28 December 2008

1.e4 e6 2.Qe2

In The Enigma of Chigorin, I counted five games at Hastings 1895 where Chigorin played 2.Qe2 against the French Defense. When commenting those games in the tournament book, what did his contemporaries think of this unorthodox move and what can we learn from their comments?

After 1.e4 e6 2.Qe2

Rd.6; Chigorin - Teichmann; 1-0; Annotator: Tarrasch

1.e4 e6 2.Qe2 Nc6 (I consider the best to be 2...Be7; 2...c5 is also good.) 3.Nf3 e5 (This gives an open game.) 4.c3 Nf6 5.d3 Be7

Rd.8; Chigorin - Blackburne; 1-0; Annotator: Steinitz

1.e4 e6 2.Qe2 (Mr.Chigorin considers this to be the strongest continuation in the French Defense. Having adopted it first in the match against Dr. Tarrasch, he has faithfully adhered to his innovation, and, especially in this tournament, with great success. It is difficult to pass judgment on such a move, but I am inclined to believe that its first effect, namely, of delaying the advance of the adverse Queen's Pawn (in which case White gains a move by 2.Qe2 d5 3.exd5 Qxd5 4.Nc3 is at least neutralised by the restriction placed on his King's Bishop.) 2...b6 (The order of development which I would select for Black would be 2...c5 3.-- Nc6 4.-- d6 5.-- Nf6 6.-- Be7 7.-- O-O, after which ...d5 {will give the second player a strong attack.) 3.g3 Bb7 4.Bg2 Be7 5. d3 f5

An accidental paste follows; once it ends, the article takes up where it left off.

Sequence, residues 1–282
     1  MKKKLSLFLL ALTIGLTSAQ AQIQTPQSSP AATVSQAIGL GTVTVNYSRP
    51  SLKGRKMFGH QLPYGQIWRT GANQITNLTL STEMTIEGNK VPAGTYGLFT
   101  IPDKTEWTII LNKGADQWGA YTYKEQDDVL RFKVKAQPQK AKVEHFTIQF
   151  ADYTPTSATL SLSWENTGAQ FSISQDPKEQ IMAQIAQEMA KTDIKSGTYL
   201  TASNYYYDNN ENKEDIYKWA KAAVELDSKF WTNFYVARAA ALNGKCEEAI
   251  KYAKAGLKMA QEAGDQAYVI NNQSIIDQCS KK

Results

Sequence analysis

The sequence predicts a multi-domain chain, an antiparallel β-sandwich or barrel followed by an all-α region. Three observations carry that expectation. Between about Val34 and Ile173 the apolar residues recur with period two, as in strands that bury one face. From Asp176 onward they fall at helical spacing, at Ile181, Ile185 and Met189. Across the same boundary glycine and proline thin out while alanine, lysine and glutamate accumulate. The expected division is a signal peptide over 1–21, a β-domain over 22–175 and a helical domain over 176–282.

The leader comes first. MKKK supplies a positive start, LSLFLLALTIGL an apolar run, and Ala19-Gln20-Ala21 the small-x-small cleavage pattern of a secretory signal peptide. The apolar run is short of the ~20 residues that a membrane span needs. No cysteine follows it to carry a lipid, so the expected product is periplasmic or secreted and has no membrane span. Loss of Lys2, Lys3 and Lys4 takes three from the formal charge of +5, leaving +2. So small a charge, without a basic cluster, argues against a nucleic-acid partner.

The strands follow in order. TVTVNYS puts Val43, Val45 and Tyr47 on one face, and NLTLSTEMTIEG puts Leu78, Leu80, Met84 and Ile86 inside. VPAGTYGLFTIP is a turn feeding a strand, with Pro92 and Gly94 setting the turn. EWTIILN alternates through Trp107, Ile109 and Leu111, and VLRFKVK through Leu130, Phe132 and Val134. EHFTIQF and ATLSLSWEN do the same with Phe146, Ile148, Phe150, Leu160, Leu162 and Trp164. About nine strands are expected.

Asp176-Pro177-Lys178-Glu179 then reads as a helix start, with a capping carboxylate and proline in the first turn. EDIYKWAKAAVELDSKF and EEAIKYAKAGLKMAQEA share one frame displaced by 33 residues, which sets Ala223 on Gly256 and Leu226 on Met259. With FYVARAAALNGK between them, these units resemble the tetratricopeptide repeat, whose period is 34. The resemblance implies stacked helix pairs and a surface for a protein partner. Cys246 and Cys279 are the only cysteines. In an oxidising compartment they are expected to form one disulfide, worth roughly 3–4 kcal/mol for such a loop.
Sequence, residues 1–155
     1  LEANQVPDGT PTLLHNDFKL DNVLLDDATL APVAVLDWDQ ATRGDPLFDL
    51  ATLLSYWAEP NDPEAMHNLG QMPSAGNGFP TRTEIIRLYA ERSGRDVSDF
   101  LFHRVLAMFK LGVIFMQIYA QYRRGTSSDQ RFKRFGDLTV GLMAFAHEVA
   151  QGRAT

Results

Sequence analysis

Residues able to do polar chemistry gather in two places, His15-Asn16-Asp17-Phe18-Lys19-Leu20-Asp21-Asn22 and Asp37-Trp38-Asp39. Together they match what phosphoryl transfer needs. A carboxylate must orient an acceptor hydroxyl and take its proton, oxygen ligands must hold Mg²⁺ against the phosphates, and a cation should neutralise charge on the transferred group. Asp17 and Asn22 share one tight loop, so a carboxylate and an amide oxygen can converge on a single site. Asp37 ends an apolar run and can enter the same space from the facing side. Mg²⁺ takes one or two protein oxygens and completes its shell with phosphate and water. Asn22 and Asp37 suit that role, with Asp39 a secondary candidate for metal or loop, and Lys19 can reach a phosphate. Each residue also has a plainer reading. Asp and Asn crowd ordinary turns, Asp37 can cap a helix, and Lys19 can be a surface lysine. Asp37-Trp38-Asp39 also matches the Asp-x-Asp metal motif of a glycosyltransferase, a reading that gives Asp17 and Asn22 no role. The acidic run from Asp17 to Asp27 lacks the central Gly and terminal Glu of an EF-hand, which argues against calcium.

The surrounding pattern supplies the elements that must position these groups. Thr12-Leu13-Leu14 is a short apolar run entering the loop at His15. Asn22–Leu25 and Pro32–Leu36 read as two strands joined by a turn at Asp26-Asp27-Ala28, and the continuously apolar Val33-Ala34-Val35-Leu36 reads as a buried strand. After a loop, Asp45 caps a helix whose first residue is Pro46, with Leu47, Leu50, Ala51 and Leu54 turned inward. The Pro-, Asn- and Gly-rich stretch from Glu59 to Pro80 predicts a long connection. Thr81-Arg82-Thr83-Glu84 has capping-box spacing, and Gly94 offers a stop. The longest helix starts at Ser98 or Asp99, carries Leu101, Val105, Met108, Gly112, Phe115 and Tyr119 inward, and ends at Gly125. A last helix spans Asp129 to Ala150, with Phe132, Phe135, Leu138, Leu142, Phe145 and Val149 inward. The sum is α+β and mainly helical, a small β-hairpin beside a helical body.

Rd.11; Chigorin - Marco; 1-0; Annotator: Teichmann

1.e4 e6 2.Qe2 e5 (I do not think that this is loss of time; the position of the White Queen at e2 is, to say the least, no advantage for White.) 3.g3 Nc6 4.Bg2 Bc5 5.c3 Nf6

Rd.15; Chigorin - Tinsley; 1-0; Annotator: Tarrasch

1.e4 e6 2.Qe2 b6 (Stronger is 2...Be7 or 2...c5) 3.Nc3 Bb7 4.Nh3 Nc6 5.d3 Qe7

Rd.17; Chigorin - Albin; 1/2-1/2; Annotator: Pillsbury

1.e4 e6 2.Qe2 Nc6 3.Nf3 e5 (Bringing about an open game, with the White Queen indifferently placed.) 4.g3 Bc5 5.c3 Bb6

What can we learn from these games and comments? First, that the loss of tempo (e.g. 2...e5) is justified in order to take advantage of an antipositional move (2.Qe2). Second, that one way to combat an unorthodox opening move is to steer into a variation where the move is less useful (2...c5 transposes into a Sicilian). Third, that in spite of his move's eccentricity (2.Qe2 blocks the Bishop on f1), Chigorin was enormously successful with it (+4-0=1!). The advantage of an unorthodox opening is in getting the opponent to think for himself from an early move. A prepared opening repertoire loses its importance.

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